Insights and Strategies for Marketers to Better Engage Engineering Professionals.
It’s no secret that engineering.com runs a lot of surveys. We’ve written about it several times in this blog, and recently published a complete guide on how technology marketers can conduct similar research on their own. I’m lucky to be part of a lot of that research.
Our How Engineers Find Information study is probably my favorite. Now in its sixth year, this study takes the pulse of your prospects—the engineering.com audience. The goal is simple: help those in industrial & technology marketing to plan their marketing strategy by providing insight on what engineering professionals want.
We’ll be revealing the full findings of the study in a webinar next Thursday at 2 pm ET, so if you haven’t already, please sign up and join us.
As a preview to the webinar, today’s blog is going to reveal the three most unexpected things we learned from this year’s survey and explain what makes them so exciting.
This comes in at zero because it’s an insane finding that we’ve already written about—although at the time, we had 150 fewer responses and the figure was a little higher for an increase of 27%. Still, to-may-to, to-mah-to. I’m not going to rehash what we’ve already covered, but if you wanted to read about it, check out our breakdown in this blog post.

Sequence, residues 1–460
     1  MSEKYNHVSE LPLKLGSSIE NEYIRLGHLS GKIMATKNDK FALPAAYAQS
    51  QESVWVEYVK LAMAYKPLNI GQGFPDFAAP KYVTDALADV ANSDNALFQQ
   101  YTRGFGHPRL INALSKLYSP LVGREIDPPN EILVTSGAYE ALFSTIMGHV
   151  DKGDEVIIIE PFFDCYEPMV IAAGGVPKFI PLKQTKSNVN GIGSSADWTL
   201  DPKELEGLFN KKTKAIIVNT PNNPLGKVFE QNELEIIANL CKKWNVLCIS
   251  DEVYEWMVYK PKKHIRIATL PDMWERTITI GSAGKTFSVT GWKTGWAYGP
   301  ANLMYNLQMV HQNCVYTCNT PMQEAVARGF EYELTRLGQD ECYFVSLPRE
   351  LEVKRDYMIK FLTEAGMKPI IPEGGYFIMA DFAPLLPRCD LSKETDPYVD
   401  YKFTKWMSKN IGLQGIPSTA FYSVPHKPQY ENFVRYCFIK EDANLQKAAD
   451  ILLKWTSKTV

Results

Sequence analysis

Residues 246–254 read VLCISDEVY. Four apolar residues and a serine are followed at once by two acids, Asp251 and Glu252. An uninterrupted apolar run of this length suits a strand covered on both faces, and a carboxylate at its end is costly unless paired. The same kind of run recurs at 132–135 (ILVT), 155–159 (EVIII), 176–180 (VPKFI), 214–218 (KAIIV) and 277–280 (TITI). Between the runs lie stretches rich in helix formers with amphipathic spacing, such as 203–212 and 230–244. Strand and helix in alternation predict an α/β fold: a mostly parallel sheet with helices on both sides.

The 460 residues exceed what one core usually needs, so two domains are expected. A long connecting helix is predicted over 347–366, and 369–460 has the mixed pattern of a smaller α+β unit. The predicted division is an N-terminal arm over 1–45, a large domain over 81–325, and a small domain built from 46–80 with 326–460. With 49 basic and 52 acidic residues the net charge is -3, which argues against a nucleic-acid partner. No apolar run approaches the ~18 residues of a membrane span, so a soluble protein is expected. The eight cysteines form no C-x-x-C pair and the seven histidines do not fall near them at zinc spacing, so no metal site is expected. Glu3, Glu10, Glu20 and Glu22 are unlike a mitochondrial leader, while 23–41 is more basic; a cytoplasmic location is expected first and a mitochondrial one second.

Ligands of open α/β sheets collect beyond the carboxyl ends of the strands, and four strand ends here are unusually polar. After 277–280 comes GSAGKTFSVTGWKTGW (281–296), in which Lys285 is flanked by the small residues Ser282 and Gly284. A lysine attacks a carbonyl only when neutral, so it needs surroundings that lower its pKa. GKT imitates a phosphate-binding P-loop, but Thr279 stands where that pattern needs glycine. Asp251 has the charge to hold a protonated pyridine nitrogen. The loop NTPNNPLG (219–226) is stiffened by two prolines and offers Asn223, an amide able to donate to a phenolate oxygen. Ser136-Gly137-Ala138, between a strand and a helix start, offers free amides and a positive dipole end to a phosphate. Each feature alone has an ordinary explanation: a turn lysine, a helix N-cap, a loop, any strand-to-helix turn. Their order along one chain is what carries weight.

Each year we ask engineering professionals “Which, if any, of the following have you used in the last 30 days as a source of engineering information?” The results above show the data from last year’s report compared to this year’s numbers. As you can see, consumption is slightly down for 5 of the 7 platforms asked about. The two information sources that went up are online training and digital publications.
For digital publications, year-over-year, that’s a rise of 23%. That’s an incredible increase in the amount of content being consumed through digital publications this year compared to last year, especially when nearly every other source is slightly down.
So, what’s the cause of this increase? My first thought was that it very likely has to do with Google ranking results. We’ve been reporting for years (and hint, will again this year) that self-driven search is the #1 preferred means for engineers to acquire information. If you have an advantage in search, then you’ll have an advantage in being seen.
To confirm my suspicion, I dove into engineering.com’s Google Analytics to see if there was any evidence of us, a digital publication, having some kind of advantage. What I found was that compared to 2017, 2018 saw a 5% increase in organic traffic as a percentage of overall traffic. This would imply that overall, engineering.com was ranking better than it had the previous year.
This makes sense given that digital publications have an innate organic traffic advantage over other online channels such as vendor sites or social posts: digital publications have more content, longer content, and are neutral sources of information, earning them more backlinks. These all are incredibly influential inputs in determining Google’s Search Engine Result Page Rankings.
In the chart above, the values on the vertical axis show the percentage of engineers in each age group (horizontal axis) who used each information source (the colored lines) during that last 30 days.
If you haven’t noticed yet, what you’re seeing is some amazing news for every marketing department – Vendor websites (that means you, and the content you’re creating) are the second most popular information source among engineers age 36-65. That’s the golden range for decision making input, from mid career managers up to C-suite executives.